THE LEAFLET

Plant Care  |  November 17, 2019

ZZ Plant Care

Placement

PRO TIP: ZZ's are not only one of the easiest houseplants to keep alive, but one of the most beneficial for your health too. They've been scientifically found to remove several volatile organic compounds from the air, so breathe easy!

The ZZ (Zamioculcas zamiifolia), or Zanzibar Gem, is a semi-succulent native to the semi-arid regions of Eastern Africa. It is accustomed to long periods of dry conditions interspersed with bursts of generous rain. As such, the ZZ has evolved an efficient rhizomous root system that holds on to as much water as it can absorb, as well as fleshy, moisture rich leaves.

This is a plant that thrives on neglect and is a great choice for frequent travelers, those who occasionally forget to water, or for the office. Indirect bright light is ideal for a ZZ, but they are also content in low light situations and in direct light, making it a versatile and near foolproof indoor plant.

If you are unsure of the lighting conditions in your home or office, we have a guide for how to measure light in your space.

ZZ Plant Leaf

ZZ's are one of the hardiest plants in nature, and can be propagated from a single leaf.

Routine Maintenance

PRO TIP: When it doubt, let it drought! The most common mistake made with these plants is overwatering.

Always be sure to assess your plant’s watering needs upon receiving it. Before giving your plant a drink, it is best to check the moisture level in the soil first to ensure it isn’t moist right beneath the surface. Also, consider aerating the soil of your plant before the initial watering. We compact the soil to avoid shifting during transit, so aerating can help the soil breathe and allow moisture to be released.

ZZ’s like to dry out completely between waterings. They have an extremely efficient water retention mechanism, so you shouldn't water this plant until its soil has become dry throughout the pot. In low light environments or winter, this can mean watering as infrequently as once a month.

Rotate your plant periodically to ensure even growth on all sides and dust the leaves often so the plant can photosynthesize efficiently. When dusting the leaves, also take the opportunity to inspect the undersides and keep an eye out for pests.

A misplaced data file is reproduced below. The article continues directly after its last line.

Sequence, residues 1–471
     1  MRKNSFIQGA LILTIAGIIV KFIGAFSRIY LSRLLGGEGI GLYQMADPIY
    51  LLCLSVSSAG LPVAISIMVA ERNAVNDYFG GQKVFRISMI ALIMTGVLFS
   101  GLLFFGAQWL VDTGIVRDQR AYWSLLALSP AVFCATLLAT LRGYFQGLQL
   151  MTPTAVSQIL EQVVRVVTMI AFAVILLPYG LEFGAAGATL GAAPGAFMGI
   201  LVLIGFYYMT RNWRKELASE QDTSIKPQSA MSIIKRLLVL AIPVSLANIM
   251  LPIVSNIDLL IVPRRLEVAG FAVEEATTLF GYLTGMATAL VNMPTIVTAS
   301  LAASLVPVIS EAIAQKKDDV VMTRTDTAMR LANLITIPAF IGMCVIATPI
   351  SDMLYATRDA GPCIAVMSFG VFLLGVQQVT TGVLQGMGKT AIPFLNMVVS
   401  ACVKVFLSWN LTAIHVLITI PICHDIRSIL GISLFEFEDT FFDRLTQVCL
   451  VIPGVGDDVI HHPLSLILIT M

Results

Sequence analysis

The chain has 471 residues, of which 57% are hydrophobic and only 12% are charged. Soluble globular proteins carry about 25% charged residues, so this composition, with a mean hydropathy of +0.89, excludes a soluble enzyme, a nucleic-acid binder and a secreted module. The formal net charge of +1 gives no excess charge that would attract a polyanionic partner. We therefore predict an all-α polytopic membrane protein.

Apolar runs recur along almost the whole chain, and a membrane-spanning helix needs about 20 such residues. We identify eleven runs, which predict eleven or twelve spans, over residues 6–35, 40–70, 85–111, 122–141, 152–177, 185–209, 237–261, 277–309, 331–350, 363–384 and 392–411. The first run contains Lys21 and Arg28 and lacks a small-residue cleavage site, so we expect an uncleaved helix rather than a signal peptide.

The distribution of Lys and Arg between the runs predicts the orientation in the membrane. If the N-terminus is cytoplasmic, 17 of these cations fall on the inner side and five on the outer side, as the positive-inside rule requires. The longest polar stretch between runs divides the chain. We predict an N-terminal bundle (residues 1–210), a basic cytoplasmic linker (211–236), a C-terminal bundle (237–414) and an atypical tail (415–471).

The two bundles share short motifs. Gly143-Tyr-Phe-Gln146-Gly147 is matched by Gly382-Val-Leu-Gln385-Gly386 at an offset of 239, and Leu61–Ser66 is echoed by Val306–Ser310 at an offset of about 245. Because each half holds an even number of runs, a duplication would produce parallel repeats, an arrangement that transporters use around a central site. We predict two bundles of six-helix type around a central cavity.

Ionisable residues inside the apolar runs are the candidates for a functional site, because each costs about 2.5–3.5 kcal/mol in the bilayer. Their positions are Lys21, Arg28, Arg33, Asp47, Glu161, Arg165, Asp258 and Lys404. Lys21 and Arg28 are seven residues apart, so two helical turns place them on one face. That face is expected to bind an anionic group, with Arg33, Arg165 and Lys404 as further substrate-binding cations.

Remember each plant is a unique living thing and may have varying needs, especially in their individual locations. Pay attention to the condition of your ZZ and its watering needs and you will have a long and happy relationship.

Frequently Asked Questions

How can I tell if I am overwatering my ZZ?

  • Overwatering results in mushy brown stalks and yellowing of the leaves. Dropping leaves can also be an indication of overwatering. Hold off on watering and prune your plant. Once the soil is completely dry all the way through the pot then your plant is ready for a drink. This can take up to a month.

How can I tell if I am underwatering my ZZ?

  • Underwatering results in dry crispy tips on the plant's leaves. If this is the case, prune your plant and increase your frequency of watering.

Can my ZZ tolerate really low light?

  • It can, however this is likely to stunt the growth of your plant. Also the risk of overwatering becomes heightened, so take extra care not to be too heavy handed when watering you plant in a low light environment.

How often should I fertilize my plant?

  • In general, house plants will thrive when they are fertilized spring through fall. Fertilize once a month with an organic houseplant fertilizer, following the package instructions for dilution and administration. Greenery NYC uses an organic potting mix with a slow release fertilizer in the soil, so your plant will not need fertilizer within the first 6 months of receiving it.

How often does my plant need to be repotted?

  • For smaller desktop plants, we suggest repotting once every 12-18 months. Typically you want to choose a potting vessel 1”- 2” larger in diameter to allow for growth. Don’t choose a pot much larger than the previous as this could drown the plant's roots. If you prefer to maintain the current size of your plant, repot into the same vessel, providing new soil and trimming away some roots and foliage. Spring or summer is the ideal time to repot as the plant is at its strongest.